“Active Loading” Technology Speeds up Single Cell Drug Testing Devices

High-tech devices that flow cancer cells over a miniaturized “scale” to measure changes in the weight of single living cells are increasingly being used to test the susceptibility of cancer cells to different drugs. The devices are so sensitive that they can measure a change in growth rate of a cell within hours or days … Continued

Exceptional Immunotherapy Response Triggers Search for the Cause

Six years’ worth of repeated surgeries, radiation, and chemotherapy with three different agents failed to halt the growth of Frances Zichichi’s brain tumor. As it kept recurring and more surgeries were required, Zichichi lost the use of her left side. Eventually the cancer formed masses under her scalp, causing pain, which was dulled only with … Continued

CRISPR-Cas9 Screen Opens New Targets for Ewing Sarcoma, Other Childhood Cancers

This post originally appeared on Vector, Boston Children’s Hospital’s blog. While the genetic mutations driving adult cancers can sometimes be targeted with drugs, most pediatric cancers lack good targets. That’s because their driving genetic alterations often create fusion proteins that aren’t easy for drugs to attack. “This is one reason why it is notoriously hard … Continued

Targeting Tumor Heterogeneity To Reduce Treatment Resistance

One of the biggest challenges in treating cancer is that the cells making up a tumor – say a breast or lung tumor – are enormously diverse, or heterogeneous. This tumor heterogeneity can be both genetic, meaning the DNA in the tumor cells differs from one cell to the next, and epigenetic, meaning that the … Continued

Personalizing Treatment: The Latest in Breast Cancer Research

One of the primary goals of breast cancer research is to personalize the treatment of the disease, tailoring therapies to the specific characteristics of each patient’s cancer.  “The future of breast cancer therapy is tied to the idea of individualizing treatment for each patient—not only to the stage and subtype of the cancer but also … Continued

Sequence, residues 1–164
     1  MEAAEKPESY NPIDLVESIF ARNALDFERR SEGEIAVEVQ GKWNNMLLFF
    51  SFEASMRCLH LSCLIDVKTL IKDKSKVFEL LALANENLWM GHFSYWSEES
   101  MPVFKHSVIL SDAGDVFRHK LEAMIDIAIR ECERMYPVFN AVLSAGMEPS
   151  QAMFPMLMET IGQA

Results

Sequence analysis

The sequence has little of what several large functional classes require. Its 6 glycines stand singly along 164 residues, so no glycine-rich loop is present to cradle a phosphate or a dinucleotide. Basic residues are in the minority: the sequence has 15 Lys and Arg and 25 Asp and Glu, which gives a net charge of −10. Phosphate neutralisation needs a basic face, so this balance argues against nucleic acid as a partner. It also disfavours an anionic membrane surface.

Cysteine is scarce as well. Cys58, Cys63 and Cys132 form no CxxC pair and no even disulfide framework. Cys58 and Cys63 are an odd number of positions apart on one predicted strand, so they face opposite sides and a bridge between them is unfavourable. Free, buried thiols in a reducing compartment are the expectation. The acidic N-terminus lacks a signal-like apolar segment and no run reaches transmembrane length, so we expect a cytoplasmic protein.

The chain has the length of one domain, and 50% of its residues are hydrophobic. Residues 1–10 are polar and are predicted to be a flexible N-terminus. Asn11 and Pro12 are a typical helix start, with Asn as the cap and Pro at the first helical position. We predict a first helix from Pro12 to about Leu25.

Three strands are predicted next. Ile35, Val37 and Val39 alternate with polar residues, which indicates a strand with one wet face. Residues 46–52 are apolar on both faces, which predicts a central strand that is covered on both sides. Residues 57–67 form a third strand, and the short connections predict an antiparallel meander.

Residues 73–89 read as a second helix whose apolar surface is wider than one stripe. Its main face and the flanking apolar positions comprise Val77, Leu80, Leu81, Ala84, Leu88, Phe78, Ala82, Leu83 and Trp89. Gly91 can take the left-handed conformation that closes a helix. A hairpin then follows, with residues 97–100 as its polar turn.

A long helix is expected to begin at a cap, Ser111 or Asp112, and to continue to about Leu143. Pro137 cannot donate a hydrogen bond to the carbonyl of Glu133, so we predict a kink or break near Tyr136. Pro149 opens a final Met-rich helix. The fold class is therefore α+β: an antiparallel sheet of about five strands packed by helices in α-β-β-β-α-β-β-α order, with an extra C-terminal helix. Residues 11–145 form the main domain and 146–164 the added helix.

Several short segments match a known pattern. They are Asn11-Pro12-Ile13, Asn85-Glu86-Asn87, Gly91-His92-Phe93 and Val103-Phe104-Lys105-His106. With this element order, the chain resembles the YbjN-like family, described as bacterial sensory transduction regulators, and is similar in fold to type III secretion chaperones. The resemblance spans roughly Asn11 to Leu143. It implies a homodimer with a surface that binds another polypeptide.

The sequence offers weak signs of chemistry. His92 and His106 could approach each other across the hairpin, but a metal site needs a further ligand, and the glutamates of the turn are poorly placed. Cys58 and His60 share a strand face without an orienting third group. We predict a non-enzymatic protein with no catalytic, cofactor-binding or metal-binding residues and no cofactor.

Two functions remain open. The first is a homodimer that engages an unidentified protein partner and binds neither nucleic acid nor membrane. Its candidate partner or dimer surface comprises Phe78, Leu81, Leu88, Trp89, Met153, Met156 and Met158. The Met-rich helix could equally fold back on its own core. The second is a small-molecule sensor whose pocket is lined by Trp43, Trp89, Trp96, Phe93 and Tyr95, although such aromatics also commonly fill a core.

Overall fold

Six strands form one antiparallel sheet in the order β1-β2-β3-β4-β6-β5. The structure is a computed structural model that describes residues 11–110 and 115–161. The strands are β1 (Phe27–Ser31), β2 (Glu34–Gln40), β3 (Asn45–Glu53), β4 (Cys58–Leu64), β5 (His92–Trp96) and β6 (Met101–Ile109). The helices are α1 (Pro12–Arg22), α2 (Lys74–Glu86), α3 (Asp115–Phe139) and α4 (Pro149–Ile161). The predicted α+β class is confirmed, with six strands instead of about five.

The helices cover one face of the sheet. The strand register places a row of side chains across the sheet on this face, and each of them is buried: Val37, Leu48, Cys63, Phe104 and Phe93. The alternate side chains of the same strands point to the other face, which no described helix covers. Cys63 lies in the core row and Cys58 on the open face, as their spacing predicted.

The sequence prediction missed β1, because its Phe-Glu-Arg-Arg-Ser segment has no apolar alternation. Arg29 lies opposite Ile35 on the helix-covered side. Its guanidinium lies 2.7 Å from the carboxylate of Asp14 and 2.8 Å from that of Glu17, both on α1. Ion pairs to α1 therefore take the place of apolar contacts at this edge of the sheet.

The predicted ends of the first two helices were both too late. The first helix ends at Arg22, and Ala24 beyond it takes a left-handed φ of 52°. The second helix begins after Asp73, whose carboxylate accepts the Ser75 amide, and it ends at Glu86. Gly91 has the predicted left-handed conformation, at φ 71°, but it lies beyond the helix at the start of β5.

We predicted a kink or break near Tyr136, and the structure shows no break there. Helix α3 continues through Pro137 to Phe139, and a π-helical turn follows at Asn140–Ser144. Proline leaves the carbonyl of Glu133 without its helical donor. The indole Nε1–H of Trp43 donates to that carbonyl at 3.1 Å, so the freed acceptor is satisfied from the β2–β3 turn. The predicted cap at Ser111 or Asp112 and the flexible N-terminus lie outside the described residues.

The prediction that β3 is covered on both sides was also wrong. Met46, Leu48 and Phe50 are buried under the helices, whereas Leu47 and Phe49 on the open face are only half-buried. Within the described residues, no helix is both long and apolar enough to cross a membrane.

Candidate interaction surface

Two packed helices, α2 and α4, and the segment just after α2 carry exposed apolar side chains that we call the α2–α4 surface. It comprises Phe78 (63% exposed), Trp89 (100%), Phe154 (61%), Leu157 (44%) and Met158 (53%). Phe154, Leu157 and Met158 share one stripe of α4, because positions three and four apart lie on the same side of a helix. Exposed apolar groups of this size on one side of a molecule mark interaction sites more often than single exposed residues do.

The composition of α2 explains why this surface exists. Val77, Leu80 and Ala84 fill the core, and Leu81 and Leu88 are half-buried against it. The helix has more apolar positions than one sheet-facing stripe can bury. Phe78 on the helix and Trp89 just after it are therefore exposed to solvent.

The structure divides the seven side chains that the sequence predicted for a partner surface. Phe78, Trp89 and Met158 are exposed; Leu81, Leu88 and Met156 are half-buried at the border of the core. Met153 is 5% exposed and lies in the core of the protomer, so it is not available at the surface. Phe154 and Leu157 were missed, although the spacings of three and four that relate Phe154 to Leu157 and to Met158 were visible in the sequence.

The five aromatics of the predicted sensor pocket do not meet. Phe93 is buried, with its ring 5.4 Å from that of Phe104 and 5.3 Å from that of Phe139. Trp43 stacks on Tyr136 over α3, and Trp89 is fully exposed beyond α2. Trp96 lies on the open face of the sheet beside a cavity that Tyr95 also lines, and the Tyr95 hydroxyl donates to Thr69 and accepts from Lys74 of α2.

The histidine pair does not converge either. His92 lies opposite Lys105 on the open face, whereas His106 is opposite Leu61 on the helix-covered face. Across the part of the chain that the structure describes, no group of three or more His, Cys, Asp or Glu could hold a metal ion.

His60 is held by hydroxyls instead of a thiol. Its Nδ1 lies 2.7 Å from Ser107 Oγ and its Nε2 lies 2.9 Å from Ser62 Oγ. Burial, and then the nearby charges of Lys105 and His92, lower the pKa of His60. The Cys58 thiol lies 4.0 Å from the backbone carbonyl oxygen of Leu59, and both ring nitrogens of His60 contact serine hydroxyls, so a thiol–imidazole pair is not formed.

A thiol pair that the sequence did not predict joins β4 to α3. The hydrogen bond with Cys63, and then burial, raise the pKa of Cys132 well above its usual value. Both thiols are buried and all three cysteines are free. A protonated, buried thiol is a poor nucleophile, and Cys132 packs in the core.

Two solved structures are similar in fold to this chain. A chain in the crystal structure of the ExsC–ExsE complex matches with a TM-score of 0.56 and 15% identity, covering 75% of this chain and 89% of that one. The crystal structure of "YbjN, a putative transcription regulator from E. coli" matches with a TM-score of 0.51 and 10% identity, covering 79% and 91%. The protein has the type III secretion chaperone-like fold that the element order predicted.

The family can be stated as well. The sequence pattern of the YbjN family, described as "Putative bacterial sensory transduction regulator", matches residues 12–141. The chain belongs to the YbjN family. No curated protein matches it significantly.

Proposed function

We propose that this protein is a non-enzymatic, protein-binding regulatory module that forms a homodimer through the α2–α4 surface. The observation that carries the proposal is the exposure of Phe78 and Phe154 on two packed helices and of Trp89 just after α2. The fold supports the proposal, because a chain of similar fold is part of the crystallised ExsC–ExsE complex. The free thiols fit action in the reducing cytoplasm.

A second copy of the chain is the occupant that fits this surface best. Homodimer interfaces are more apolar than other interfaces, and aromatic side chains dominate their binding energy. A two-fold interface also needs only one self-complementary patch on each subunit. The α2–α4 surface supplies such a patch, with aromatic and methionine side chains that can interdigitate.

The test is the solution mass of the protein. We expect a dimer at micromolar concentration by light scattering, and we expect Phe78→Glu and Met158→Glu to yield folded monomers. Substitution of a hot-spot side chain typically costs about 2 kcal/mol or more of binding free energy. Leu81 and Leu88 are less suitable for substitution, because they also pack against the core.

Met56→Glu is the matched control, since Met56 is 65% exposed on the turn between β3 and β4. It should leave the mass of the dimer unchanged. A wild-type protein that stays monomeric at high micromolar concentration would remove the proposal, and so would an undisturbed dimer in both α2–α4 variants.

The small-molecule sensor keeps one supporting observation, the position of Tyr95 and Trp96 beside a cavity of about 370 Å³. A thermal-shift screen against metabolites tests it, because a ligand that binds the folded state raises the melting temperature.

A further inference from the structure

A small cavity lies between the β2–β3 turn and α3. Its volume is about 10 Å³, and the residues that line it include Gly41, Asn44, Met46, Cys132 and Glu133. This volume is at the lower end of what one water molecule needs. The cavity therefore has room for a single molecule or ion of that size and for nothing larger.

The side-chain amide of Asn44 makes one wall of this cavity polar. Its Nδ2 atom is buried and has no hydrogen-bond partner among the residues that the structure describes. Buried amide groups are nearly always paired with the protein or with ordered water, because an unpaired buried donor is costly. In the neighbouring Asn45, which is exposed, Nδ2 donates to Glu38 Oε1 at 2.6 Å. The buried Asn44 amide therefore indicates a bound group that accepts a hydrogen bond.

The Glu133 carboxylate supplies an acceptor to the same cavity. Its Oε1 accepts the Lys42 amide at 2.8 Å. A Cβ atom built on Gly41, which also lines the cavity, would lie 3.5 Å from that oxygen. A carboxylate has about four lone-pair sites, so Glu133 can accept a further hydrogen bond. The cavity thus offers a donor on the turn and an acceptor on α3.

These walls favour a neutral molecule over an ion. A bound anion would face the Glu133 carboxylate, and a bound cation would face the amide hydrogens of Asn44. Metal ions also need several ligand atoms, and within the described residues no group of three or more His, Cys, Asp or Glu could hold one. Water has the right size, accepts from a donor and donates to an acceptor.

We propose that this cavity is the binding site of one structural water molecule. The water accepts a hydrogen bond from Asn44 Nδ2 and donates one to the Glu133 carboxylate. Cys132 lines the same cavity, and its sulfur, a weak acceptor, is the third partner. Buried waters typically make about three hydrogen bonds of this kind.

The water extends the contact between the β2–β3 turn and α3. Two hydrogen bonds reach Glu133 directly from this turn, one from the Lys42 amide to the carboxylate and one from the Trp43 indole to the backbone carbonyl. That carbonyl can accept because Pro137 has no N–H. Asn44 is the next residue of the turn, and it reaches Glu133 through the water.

Myeloma Study Makes the Case for a New Standard for Predicting Long-Term Outcome

As new treatments for multiple myeloma have extended patient survival—from an average of three years to more than 10 in some cases—physicians and researchers face a new challenge: how to predict a drug’s long-term effectiveness? How to tell, early on, whether one drug is likely to extend patients’ lives more than another? At Dana-Farber’s Jerome Lipper … Continued

Trials Open New Avenues of Endometrial Cancer Treatment

In recent years, there has been a dearth of clinical trials studying new approaches to how endometrial cancer, which forms in the lining of the uterus, is treated. That is changing rapidly, however, as basic research into the disease spurs the testing of novel drugs and drug combinations. A host of clinical trials—including four led … Continued

Research Update: Scientists Present Novel Ways of Treating Blood Cancers and Diseases

Dana-Farber scientists presented an abundance of new research at the 60th American Society of Hematology (ASH) Annual Meeting and Exposition, held December 1-4 in San Diego. Their research spanned the gamut of hematological diseases, including leukemia, lymphoma, multiple myeloma, and myelodysplastic syndrome—as well as treatment modalities, such as stem cell transplantation and CAR T-cell therapy. A … Continued

ctDNA: Bringing ‘liquid biopsies’ to pediatric solid tumors

This post originally appeared on Vector, Boston Children’s Hospital’s blog. Our blood carries tiny amounts of DNA from broken-up cells. If we have cancer, some of that DNA comes from tumor cells. Studies performed with adult cancers have shown that this circulating tumor DNA (ctDNA) may offer crucial clues about tumor genetic mutations and how … Continued